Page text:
On Wed, 9 Jun 2010, Jeff Squyres wrote:
On Jun 9, 2010, at 3:26 PM, Samuel K. Gutierrez wrote:
System V shared memory cleanup is a concern only if a process dies in
between shmat and shmctl IPC_RMID. Shared memory segment cleanup
should happen automagically in most cases, including abnormal process
Umm... right. Duh. I knew that.
So -- we're good!
Let's open the discussion of making sysv the default on systems that support the IPC_RMID behavior (which, AFAIK, is only Linux)...
I'm sorry, but I think System V has many disadvantages over mmap.
1. As discussed before, cleaning is not as easy as for a file. It is a good thing to remove the shm segment after creation, but since problems often happen during shmget/shmat, there's still a high risk of letting things behind.
2. There are limits in the kernel you need to grow (kernel.shmall, kernel.shmmax).
I agree that this is a disadvantage, but changing shmall and shmmax limits is *only* as painful as having a system admin change a few settings (okay, it's painful ;-) ).
On most linux distribution, shmmax is 32MB, which does not permit the sysv mechanism to work. Mmapped files are unlimited.
Not necessarily true. If a user *really* wanted to use sysv and their system's shmmax limit was 32MB, they could just add -mca mpool_sm_min_size 33550000 and everything would work properly. I do understand, however, that this may not be ideal and may have performance implications.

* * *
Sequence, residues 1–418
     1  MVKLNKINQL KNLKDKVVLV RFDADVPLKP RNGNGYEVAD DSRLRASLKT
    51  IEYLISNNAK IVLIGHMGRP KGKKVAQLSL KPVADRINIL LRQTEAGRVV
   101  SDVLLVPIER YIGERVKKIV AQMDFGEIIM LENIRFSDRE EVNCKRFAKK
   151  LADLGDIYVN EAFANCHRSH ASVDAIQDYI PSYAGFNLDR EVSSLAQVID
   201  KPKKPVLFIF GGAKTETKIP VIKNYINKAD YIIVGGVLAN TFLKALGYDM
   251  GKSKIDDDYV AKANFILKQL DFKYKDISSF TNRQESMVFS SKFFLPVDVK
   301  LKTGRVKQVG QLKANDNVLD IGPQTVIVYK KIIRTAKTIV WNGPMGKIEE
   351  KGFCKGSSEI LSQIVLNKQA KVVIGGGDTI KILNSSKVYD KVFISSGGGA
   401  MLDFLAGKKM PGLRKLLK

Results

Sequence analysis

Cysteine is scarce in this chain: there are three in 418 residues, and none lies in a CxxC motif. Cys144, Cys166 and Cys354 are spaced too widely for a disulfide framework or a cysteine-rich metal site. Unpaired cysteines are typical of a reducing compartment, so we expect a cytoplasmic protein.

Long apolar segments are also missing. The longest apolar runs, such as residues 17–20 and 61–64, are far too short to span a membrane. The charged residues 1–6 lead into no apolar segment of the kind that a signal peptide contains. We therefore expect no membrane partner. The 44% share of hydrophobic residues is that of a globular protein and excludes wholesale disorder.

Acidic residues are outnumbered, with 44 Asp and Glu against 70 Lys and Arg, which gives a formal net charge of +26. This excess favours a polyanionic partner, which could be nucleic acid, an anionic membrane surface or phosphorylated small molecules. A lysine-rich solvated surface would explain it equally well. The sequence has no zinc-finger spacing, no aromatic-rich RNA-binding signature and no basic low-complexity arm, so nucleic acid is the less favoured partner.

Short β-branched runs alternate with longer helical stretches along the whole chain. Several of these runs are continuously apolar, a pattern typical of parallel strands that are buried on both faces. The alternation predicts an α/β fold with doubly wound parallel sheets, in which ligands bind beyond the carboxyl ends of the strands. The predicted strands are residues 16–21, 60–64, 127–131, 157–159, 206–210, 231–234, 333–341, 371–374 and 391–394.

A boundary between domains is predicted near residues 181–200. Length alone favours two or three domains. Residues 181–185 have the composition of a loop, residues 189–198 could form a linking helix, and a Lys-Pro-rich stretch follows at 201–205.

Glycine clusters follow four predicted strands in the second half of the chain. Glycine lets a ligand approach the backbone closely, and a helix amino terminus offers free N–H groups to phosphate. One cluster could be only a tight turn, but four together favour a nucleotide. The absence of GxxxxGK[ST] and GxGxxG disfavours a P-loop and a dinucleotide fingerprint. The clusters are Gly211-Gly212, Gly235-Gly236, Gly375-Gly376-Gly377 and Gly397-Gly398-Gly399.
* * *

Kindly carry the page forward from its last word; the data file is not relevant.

Based on this, I'm leaning towards the default behavior that we currently have in the trunk:
- sysv disabled by default
- use mmap, unless sysv is explicitly requested by the user
3. Each shm segment is identified by a 32 bit integer. This namespace is small (and non-intuitive, as opposed to a file name), and the probability for a collision is not null, especially when you start creating multiple shared memory segments (for collectives, one-sided operations, ...).
I'm not sure if collisions are a problem. I'm using shmget(IPC_PRIVATE), so I'm guessing once I've asked for more than ~ 2^16 keys, things will fail.
So, I'm a bit reluctant to work with System V mechanisms again. I don't think there is a *real* reason for System V to be faster than mmap, since it should just be memory. I'd rather find out why mmap is slower.
Jeff and I talked, and we are going to hack something together that uses shm_open and friends and incorporates more sophisticated fallback mechanisms if a particular component fails initialization. Once we are done with that work, would you be willing to conduct another similar performance study that incorporates all sm mechanisms?
Samuel K. Gutierrez
Los Alamos National Laboratory
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